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How I won $20,000 in college scholarships

October 7, 2018

I am an AAMPLIFY 2017 alumna and I’m a first-generation college student who immigrated to San Francisco from China in 2008. Though I initially struggled because I didn’t speak English, I was placed in a bilingual elementary program and learned quickly. Soon I began serving as a peer resource, translating for international students in middle and high school. In high school, I started volunteering as a translator at the Richmond District Neighborhood Center Food Pantry. 

 

When it came time to apply for college, I began thinking about how to alleviate the financial burden of college tuition on my family. My parents were supporting my other two younger siblings, so I wanted to help by paying for my own tuition through the help of scholarships, grants, and work study jobs in college. During my senior year, I started researching and applying to scholarships. After months of persistence, I won 7 scholarships, earning $20,000 for college!

 

 

I participated in AAMPLIFY in the summer of 2017. Being part of AAMPLIFY changed how I viewed college and being AAPI in America. It strengthened me as a leader and taught me how to advocate for the AAPI community. Through personalized college admissions consulting, AAMPLIFY supported me and helped me with the process of transitioning to college. I also enjoyed the community I built through the program, where I met lifelong mentors and friends. AAMPLIFY is a big family where I can share my happiness and difficulties about education, careers, and just life in general. AAMPLIFY is full of resources and more importantly - AAMPLIFY was fun! 

 

I graduated from George Washington High School. I am starting UC Davis in the fall, double-majoring in economics and communication with the hopes of pursuing a career in international business. 

 

Here's my guide for college scholarships.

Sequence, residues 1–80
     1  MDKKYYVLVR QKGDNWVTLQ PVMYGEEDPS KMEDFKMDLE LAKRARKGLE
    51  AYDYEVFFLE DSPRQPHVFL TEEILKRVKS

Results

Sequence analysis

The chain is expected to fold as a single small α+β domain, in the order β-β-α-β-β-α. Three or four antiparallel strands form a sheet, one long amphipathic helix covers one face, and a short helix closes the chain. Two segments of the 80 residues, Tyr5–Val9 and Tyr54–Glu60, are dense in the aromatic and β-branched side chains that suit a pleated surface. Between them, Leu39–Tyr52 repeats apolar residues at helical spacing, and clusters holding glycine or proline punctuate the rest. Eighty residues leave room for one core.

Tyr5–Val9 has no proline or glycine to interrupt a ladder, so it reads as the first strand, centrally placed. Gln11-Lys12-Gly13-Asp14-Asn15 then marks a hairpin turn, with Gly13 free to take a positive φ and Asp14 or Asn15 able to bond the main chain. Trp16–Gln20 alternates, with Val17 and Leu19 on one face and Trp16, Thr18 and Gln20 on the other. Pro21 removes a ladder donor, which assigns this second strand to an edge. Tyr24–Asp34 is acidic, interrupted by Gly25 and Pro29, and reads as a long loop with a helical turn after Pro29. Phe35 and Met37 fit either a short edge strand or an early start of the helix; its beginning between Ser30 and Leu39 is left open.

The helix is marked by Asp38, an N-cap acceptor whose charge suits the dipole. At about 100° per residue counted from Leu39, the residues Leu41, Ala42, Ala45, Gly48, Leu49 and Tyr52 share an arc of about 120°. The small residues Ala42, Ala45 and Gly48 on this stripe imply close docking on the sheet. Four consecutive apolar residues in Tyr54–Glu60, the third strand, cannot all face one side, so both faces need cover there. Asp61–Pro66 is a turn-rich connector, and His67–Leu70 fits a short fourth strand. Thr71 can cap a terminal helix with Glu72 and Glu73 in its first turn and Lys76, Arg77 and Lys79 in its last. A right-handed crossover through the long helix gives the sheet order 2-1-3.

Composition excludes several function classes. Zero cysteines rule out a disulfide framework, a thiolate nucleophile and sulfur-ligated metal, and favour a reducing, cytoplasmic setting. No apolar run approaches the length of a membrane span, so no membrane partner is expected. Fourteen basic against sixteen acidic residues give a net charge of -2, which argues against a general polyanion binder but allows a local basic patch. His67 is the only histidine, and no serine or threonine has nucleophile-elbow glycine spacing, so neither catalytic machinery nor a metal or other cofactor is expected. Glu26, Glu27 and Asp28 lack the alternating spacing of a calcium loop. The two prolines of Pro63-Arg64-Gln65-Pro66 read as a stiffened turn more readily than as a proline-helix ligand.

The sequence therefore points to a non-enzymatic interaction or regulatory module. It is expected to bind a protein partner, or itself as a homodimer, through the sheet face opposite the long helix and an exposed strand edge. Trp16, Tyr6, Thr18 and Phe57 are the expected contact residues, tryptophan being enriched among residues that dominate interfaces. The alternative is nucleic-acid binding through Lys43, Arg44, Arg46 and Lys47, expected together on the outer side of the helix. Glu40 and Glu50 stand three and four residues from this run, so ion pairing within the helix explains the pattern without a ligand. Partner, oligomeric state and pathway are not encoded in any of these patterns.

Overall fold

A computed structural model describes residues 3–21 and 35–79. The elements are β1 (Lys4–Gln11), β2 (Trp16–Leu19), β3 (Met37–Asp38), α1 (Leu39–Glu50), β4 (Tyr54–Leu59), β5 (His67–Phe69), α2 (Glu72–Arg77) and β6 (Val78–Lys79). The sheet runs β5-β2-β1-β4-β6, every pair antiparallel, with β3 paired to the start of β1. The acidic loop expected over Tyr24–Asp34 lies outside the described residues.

What you need to prepare

  1. 1-2 letters of recommendation for scholarships that require one

  2. Most recent high school transcript

  3. List of volunteering experience, extracurriculars and leadership experience

  4. List of Scholarships

 

Scholarships I won

Maisin Scholarship 2018 (Ongoing) (78 scholars):
Acquired because I’m a first generation AAPI student coming from low-income household.
4 year program that provides financial support, academic and career counseling, internships and professional development opportunities and community and peer support. 

  • Online application

  • GPA of 2.5+ to maintain scholarship

  • Letters of recommendation

  • Need to wait for others to submit the letter of rec 

  • Proof of income - this scholarship targets first-generation, low-income students of color

  • Interview (phone) - by 2 Maisin staff or volunteers outside the program

  • Required attendance at events (3)

  • Scholarship money goes directly to University, $3,000 for 4 years for a total of $12,000.

 

Bay Area Gardeners Scholarship 2018 (30 recipients)

  • Acquired because of volunteering hours and following their format for application.

  • For graduating seniors.

  • GPA (weighted): 2.5+

  • Application by mail

  • Interview: received 9pm call from founder

  • Required attendance at events (2)

  • Proof of volunteer hours

  • $2,000 in scholarship awards and Chromebook

  • Letter of Recommendation must be sealed in an envelope

 

Chinese American Citizens Alliance Scholarship 2018 (8 scholars)

  • Application by mail

  • Application required essay (fact check needed)

  • Interview - 3 interviewers from the CACA, you are interviewed with other applicants.

  • $1,000 in scholarship awards. 

 

Roy and Don Splawn Scholarship 2018